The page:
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Storm ambushed by the Fever's high energy defense, 72-65

(Who's fouling who?  Lauren Jackson and Jessica Davenport battle under the basket. 

Photo courtesy of Josh Flynn.)

The Eastern Conference's domination over the West continues as Indiana Fever downed the WNBA-leading Seattle Storm, 72-65 on Thursday. The Storm are 7-0 against the anemic West, but are now only 2-2 against the East.

Seattle's only other loss came May 27th at Chicago, 84-75, their lowest point total before facing Indiana.

In a pregame interview, when asked whether the two teams represented a clash of styles, Fever forward Ebony Hoffman replied, "I think we both play tough. Seattle has this year changed its style. They are a lot tougher now. They've added LeCoe Willingham and a few other pieces they have. I think it's still a matter of wills. However a team gets the job done is how they get it done. If we can't get shots at the end, we rev up our defense. Some teams in the West, they rev up their offense."

Seattle imposed it's will early. But after scoring 27 points in the first quarter, the Storm scored only 38 in the next three quarters, including a 7 point 2nd quarter. The low final score suggests that the Fever won the battle of wills this time.

In addition to homecourt, the Fever had several other advantages, beginning obviously with their defense.

"Our full court pressure had worn them down some. They looked a little fatigued." said Fever coach Lin Dunn.

Dunn also credited the change in the 2nd quarter to renewed defensive intensity "[In the first quarter] we missed some rotations. We weren’t talking on defense. They came out with enormous energy and we were a step slow. We made some adjustments. Initially we were trapping, then we changed that to switching."

The Storm also recognized the increased defensive intensity.

"We ran a pretty good offense, but they were not quite as engaged defensively as they can be." Storm coach Brian Agler said.

"We got off to a pretty good start and then they really turned up the energy and made it difficult for us and then the time kind of ran out on us." said Storm gaurd Sue Bird. "It was a combination of them turning up their intensity up, getting out and denying, pressuring the ball, getting their hands balls, causing turnovers. They put us on our heels rather than going into attack mode. We ended up reacting just a little too late."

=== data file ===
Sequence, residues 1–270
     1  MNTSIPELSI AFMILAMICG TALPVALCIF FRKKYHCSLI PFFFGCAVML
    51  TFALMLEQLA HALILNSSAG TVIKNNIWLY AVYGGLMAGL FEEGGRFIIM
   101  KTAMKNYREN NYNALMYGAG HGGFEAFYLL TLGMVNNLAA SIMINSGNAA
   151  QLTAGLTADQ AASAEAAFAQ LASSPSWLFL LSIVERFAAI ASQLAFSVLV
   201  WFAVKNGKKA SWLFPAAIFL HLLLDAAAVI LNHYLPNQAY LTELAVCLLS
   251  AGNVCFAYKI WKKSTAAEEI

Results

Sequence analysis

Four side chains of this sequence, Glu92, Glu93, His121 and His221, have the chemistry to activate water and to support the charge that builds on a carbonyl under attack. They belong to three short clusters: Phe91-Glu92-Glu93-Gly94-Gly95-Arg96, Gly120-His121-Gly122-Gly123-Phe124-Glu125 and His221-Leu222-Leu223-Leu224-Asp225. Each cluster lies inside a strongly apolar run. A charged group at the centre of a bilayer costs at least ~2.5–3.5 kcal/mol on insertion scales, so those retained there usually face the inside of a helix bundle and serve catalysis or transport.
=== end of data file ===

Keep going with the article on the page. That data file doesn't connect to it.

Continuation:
That intensity caught the Seattle Storm offguard as their multidimensional offense stagnated with attempts to exploit mismatches on Laren Jackson which crippled the type of ball movement typically associated with Storm basketball.

"What Indiana does is they switch a lot of screens." said Bird. "That puts someone like Tully, January [on Jackson], even Catchings on Lauren is a mismatch for us, to get the ball inside. But they’re not stupid. They know it’s a mismatch so they send a lot of people to her."

Agler also noticed the offensive missteps.  "There were some things they gave us that we didn’t see and we tried to force some things we thought were there." he said.  "Every time they take something away, they give you something. I don’t think we did a good job recognizing what that was."

"We shot ourselves in the foot." echoed Bird. "We forced it instead of taking what they gave us like we did at the beginning of the game."


(Katie Douglas squares off with Svetlana Abrosimova.  Photo courtesy of Josh Flynn.)

They say no one expects the Spanish inquisition. Even if one expects the Indiana Fever defense, how can a team really prepare for it?

"We prepared." said Bird. "We had a couple of days to prepare. You don’t know what it’s like until you play against them. We knew what they were going to do but it’s a matter of going out there against it."

Because few teams play with Indiana's high energy defense, adjusting to that intensity withn the context of a single game can be a challenge.

"It’s disappointing anytime you don’t play up to your expectations, whether you are playing a back-to-back or have a couple of days to prepare." said Storm coach Brian Agler. "They challenged us, physically and mentally. Our response was sort of a rollercoaster. Sometimes we responded, sometimes we didn’t. We responded inconsistently."

"We haven’t played against them, or a team like that, so it will be a learning process and I hope we get better from it." continued Agler.

Expect Seattle to handle Indiana's defense much better next time. The two teams meet again next week in Seattle on Friday, June 25th.